fb_thumb

Gender Identity / Transgenderism

Gender dysphoria (GD), or gender identity disorder (GID), is the distress a person experiences as a result of the sex and gender they were assigned at birth. In this case, the assigned sex and gender do not match the person's gender identity, and the person is transgender. There is evidence suggesting that twins who identify with a gender different from their assigned sex may do so not only due to psychological or behavioral causes, but also biological ones related to their genetics or exposure to hormones before birth. Estimated rates of those with a transgender identity range from a lower bound of 1:2000 (or about 0.05%) in the Netherlands and Belgium to 0.5% of Massachusetts adults to 1.2% of New Zealand high-school students. These numbers are based on those who identify as transgender. It is estimated that about 0.005% to 0.014% of people assigned male at birth and 0.002% to 0.003% of people assigned female at birth would be diagnosed with gender dysphoria, based on 2013 diagnostic criteria, though this is considered a modest underestimate. Research indicates people who transition in adulthood are up to three times more likely to be male assigned at birth, but that among people transitioning in childhood the sex ratio is close to 1:1. Gender dysphoria is classified as a disorder under dual role transvestism in the 2017 ICD-10 CM. GID was reclassified to gender dysphoria by the DSM-5. Some transgender people and researchers support declassification of GID because they say the diagnosis pathologizes gender variance, reinforces the binary model of gender, and can result in stigmatization of transgender individuals. The official reclassification as gender dysphoria in the DSM-5 may help resolve some of these issues, because the term gender dysphoria applies only to the discontent experienced by some persons resulting from gender identity issues. The American Psychiatric Association, publisher of the DSM-5, states that "gender nonconformity is not in itself a mental disorder. The critical element of gender dysphoria is the presence of clinically significant distress associated with the condition." The main psychiatric approaches to treatment for persons diagnosed with gender dysphoria are psychotherapy or supporting the individual's preferred gender through hormone therapy, gender expression and role, or surgery. Symptoms of GD in children may include any of the following: disgust at their own genitalia, social isolation from their peers, anxiety, loneliness and depression. According to the American Psychological Association, transgender children are more likely to experience harassment and violence in school, foster care, residential treatment centers, homeless centers and juvenile justice programs than other children. Adults with GD are at increased risk for stress, isolation, anxiety, depression, poor self-esteem and suicide. Studies indicate that transgender people have an extremely high rate of suicide attempts; one study of 6,450 transgender people in the United States found 41% had attempted suicide, compared to a national average of 1.6%. It was also found that suicide attempts were less common among transgender people who said their family ties had remained strong after they came out, but even transgender people at comparatively low risk were still much more likely to have attempted suicide than the general population. Transgender people are also at heightened risk for certain mental disorders such as eating disorders.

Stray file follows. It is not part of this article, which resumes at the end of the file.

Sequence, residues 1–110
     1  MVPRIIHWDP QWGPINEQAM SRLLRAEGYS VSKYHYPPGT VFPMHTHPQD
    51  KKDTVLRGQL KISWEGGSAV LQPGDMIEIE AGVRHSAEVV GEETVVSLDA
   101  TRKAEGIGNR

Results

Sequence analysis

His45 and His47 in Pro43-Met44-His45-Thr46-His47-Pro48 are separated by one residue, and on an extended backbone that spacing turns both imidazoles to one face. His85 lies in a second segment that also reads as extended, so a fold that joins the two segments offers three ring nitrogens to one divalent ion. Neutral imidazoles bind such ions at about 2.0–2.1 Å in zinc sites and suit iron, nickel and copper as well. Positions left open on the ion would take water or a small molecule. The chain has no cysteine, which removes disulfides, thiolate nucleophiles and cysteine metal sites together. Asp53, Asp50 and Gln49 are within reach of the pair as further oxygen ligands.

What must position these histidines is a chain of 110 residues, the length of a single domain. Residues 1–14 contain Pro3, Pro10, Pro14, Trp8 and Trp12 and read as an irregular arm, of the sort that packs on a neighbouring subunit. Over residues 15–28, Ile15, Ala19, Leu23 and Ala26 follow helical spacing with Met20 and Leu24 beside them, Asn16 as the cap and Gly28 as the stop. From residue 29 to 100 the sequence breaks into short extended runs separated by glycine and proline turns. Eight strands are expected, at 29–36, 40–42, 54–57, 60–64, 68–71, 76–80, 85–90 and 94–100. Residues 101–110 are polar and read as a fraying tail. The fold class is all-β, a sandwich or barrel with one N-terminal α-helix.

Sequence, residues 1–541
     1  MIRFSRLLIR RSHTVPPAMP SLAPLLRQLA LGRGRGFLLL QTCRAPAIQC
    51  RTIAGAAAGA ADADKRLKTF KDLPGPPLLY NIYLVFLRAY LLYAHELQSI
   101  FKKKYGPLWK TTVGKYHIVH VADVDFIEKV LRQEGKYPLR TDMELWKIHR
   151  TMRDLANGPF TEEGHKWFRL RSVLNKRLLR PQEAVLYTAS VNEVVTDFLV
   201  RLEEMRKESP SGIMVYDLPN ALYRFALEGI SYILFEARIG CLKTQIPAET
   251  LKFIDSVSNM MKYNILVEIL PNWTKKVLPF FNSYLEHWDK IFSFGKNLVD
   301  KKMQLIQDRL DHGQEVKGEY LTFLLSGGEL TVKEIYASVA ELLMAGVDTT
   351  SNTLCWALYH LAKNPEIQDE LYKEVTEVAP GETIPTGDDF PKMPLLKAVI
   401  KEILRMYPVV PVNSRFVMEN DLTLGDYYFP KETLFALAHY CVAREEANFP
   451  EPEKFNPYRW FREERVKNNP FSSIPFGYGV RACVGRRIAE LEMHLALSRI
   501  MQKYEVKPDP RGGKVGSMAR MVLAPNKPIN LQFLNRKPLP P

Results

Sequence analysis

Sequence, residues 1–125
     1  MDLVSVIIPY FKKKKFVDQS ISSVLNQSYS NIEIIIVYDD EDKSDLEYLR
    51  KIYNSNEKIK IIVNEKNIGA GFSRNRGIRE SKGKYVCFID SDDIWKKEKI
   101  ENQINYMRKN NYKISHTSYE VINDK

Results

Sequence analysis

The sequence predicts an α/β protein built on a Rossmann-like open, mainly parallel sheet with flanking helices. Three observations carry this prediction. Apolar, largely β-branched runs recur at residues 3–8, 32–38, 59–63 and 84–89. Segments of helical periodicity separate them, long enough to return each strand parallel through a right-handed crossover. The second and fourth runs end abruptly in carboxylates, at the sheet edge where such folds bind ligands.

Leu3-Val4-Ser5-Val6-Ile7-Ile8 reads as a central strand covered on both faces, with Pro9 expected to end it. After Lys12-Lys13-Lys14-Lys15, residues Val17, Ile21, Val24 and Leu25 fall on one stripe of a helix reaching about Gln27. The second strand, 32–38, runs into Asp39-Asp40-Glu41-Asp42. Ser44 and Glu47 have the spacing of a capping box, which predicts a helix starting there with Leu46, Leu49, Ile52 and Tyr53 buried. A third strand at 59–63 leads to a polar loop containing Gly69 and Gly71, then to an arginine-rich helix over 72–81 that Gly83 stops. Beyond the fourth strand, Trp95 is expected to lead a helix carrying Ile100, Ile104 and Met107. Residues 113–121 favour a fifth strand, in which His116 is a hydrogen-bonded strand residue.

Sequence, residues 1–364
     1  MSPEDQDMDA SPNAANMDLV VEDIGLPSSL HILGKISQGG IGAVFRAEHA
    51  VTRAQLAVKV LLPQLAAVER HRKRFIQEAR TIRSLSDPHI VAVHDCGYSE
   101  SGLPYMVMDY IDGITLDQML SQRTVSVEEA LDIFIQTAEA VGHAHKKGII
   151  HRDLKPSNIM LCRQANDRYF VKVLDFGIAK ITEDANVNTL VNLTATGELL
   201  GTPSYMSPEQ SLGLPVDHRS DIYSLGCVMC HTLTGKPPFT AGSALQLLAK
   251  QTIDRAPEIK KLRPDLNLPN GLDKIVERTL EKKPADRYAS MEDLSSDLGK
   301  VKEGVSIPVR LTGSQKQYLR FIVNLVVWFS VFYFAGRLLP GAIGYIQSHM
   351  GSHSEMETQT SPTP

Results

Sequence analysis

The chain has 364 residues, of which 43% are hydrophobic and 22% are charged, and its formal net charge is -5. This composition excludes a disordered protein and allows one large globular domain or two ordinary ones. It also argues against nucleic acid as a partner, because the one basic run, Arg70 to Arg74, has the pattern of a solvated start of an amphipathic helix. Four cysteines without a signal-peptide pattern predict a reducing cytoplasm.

© 2020 TherapyNext.com